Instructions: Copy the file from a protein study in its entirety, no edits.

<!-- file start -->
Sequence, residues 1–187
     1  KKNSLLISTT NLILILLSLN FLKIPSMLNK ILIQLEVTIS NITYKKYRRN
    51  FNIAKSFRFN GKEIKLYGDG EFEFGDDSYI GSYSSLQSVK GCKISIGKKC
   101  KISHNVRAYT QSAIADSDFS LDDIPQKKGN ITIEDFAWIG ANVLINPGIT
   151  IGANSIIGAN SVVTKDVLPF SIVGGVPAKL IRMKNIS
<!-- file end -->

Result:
Sequence, residues 1–187
     1  KKNSLLISTT NLILILLSLN FLKIPSMLNK ILIQLEVTIS NITYKKYRRN
    51  FNIAKSFRFN GKEIKLYGDG EFEFGDDSYI GSYSSLQSVK GCKISIGKKC
   101  KISHNVRAYT QSAIADSDFS LDDIPQKKGN ITIEDFAWIG ANVLINPGIT
   151  IGANSIIGAN SVVTKDVLPF SIVGGVPAKL IRMKNIS